Caves of Kampong Trach – Kampot – Caves

Kampot- a pretty rural are with rice fields and mountain backdrop.

Kampot – a pretty rural area with rice fields and a mountain backdrop.

Kampot –  a rural province

After lunch we traveled through the province known as  Kampot to visit the Kampong Trach limestone caves. The mountains of Kampong Trach became one of the last Khmer Rouge strongholds. Phnom Voar is where the victims of the 1994 Khmer Rouge kidnappings were held.

Kampot-driving through a rural town during a tropical downpour

Caves – Kampot – driving through a rural town during a tropical downpour

Kampot is  the name of the town as well as the province. Kampot is a very pretty rural area with the Elephant mountains as a backdrop. Along the way we ran into a tropical downpour, glad we weren’t caught out in it (our turn would come later). The rice fields in the region are so  green with small farmhouses dotted among them, an odd grey buffalo wading in the paddocks.

Kampot - KampongTrach-five-headed-Naga-(with teeth) guarding pathway to caves

Caves – Kampong Trach-five-headed-Naga-(with teeth)

Caves – Kampong Trach Village

 Kampong Trach is a small village on the way to the caves. Rugged mountain crags rising high above the forest trees indicated we were nearing our destination. The bus parked a short distance away,  we continued  on foot along a dirt road to the sign leading into the caves. Brightly colored fierce-some, five headed Naga’s  guard the pathway into the caves. There are a number of Shrines outside the entrance to the caves.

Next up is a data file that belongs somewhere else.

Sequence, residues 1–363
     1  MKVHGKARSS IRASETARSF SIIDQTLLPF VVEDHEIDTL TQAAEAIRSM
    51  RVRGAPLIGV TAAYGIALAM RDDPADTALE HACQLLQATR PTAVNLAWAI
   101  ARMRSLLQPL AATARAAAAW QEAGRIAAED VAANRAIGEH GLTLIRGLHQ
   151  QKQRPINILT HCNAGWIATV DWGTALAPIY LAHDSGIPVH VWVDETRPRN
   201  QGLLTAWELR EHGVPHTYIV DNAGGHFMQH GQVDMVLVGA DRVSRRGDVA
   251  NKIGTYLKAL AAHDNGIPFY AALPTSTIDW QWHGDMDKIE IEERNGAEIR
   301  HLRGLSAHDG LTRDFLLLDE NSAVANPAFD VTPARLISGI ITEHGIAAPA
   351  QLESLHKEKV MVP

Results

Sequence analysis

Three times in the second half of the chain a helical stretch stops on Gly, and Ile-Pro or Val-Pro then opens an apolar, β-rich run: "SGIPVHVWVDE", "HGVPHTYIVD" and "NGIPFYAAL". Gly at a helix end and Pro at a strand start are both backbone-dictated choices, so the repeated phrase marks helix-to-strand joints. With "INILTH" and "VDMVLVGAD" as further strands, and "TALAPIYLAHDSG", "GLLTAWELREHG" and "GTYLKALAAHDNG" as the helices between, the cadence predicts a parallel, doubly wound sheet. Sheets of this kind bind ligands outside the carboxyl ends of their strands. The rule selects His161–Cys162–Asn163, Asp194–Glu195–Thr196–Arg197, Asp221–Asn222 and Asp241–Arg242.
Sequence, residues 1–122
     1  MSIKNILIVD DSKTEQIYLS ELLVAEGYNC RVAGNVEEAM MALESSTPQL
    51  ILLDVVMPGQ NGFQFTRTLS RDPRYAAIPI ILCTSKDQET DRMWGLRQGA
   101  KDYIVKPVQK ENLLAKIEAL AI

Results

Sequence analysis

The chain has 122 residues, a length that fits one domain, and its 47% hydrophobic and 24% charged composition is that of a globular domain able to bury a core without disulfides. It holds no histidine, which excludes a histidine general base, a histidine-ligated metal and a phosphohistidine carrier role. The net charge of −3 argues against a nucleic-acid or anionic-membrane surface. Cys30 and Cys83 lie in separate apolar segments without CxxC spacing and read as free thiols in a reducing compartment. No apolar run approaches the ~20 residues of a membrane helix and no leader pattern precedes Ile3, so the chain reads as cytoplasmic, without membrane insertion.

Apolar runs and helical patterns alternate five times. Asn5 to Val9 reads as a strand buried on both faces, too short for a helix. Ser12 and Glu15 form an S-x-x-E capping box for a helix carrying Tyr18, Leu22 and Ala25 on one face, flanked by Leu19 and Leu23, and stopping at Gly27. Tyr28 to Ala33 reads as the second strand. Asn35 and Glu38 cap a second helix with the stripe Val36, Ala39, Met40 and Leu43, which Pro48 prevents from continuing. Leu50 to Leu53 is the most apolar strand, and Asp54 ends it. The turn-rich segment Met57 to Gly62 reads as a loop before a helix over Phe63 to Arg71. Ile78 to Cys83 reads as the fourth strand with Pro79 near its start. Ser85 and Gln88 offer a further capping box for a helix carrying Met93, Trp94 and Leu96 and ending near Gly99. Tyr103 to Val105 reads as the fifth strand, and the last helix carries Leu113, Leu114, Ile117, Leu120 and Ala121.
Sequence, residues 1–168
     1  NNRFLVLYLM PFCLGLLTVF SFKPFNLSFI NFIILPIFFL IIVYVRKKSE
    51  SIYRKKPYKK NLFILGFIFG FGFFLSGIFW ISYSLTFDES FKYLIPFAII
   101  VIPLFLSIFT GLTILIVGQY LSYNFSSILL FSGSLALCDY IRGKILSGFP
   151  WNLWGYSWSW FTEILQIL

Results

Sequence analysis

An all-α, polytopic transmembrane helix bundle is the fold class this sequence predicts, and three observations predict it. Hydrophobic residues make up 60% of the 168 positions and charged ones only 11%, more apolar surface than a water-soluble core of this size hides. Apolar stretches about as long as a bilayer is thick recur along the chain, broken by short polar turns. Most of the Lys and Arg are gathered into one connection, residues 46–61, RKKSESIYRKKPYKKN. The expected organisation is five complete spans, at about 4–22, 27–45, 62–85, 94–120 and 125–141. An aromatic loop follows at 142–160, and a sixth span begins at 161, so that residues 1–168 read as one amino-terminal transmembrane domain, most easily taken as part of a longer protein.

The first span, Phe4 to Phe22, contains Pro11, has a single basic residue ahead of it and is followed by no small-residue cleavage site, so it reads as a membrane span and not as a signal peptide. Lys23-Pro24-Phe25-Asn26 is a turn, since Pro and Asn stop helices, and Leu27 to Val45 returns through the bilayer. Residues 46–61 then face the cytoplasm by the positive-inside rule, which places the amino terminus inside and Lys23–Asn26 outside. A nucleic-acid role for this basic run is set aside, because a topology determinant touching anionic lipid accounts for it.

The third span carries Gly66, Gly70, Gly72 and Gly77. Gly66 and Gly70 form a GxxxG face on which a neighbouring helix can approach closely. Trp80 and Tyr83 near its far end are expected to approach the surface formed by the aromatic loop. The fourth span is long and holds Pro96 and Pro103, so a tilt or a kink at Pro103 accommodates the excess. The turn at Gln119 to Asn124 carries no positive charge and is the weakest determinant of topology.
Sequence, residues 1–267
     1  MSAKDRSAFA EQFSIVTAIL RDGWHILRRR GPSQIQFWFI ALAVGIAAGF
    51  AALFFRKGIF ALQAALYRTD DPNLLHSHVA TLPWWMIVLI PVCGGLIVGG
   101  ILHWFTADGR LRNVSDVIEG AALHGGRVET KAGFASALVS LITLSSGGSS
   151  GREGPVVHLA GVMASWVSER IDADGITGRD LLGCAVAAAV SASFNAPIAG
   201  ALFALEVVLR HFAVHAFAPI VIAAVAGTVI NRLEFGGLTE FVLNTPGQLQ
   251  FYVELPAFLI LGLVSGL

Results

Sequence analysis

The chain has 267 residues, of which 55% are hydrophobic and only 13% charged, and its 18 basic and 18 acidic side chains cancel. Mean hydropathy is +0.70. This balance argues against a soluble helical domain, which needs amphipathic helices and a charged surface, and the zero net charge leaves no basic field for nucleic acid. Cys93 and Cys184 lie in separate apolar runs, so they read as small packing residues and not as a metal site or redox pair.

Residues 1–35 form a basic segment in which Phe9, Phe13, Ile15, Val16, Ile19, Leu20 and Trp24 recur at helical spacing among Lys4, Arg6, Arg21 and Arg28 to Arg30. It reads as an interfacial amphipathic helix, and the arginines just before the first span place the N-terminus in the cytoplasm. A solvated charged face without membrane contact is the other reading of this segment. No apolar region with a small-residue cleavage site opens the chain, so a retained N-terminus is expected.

Kampot - entering limestone Caves Kampong Trach

Caves  – entering limestone Caves of  Kampong Trach – Kampot

I was a bit apprehensive about going into the caves,  nearly everyone had packed a torch… a new adventure!!  It was very dark once we entered the caves, we needed the torch lights to see the way. Our guide filled us in on the history, lighting up interesting rock formations on the cave walls as we moved through the darkness. In places the cavern is quite wide and open, other areas narrowing  down. Grottoes with clear water are revealed.

Caves - Kampot---eye-of-the-dragon-

Caves – Kampot-eye-of-the-dragon- Caves of Kampong Trach

Limestone Caves

Did you know, that limestone caves are usually the deepest and longest caves in the world. They are also likely to have stalactite or stalagmite formations, or various other shape. These shapes, using a little imagination can resemble animals, dragons etc. One within this cave system was the ‘eye’ of  a dragon (or was it an elephant) which is quite distinct.

There are  many small shrines within the caves perched on overhanging rocky ledges, nooks and crannies. The villagers look after the caves.  It was only a short journey through the caves, pleasing to see a glimpse of sunlight up ahead.

Kampong-coming-out-from Caves into the clearing - Kampong Trach Caves

Caves – coming-out-of the Caves into the clearing – Kampot

After the darkness of the caves

Coming out from the darkness of the caves was like a revelation. A small clearing in full sunlight, encircled with soaring rock walls covered in bright greenery. It was like standing in a Cathedral. Natures Cathedral. Towering rock walls disappearing into the bright sunlight overhead. Beautiful. It is hard to reconcile this beautiful spot as being a stronghold of the Khmer Rouge.

Kampot - Kampong Caves - Natures Cathedral - soaring rockwalls to sunshine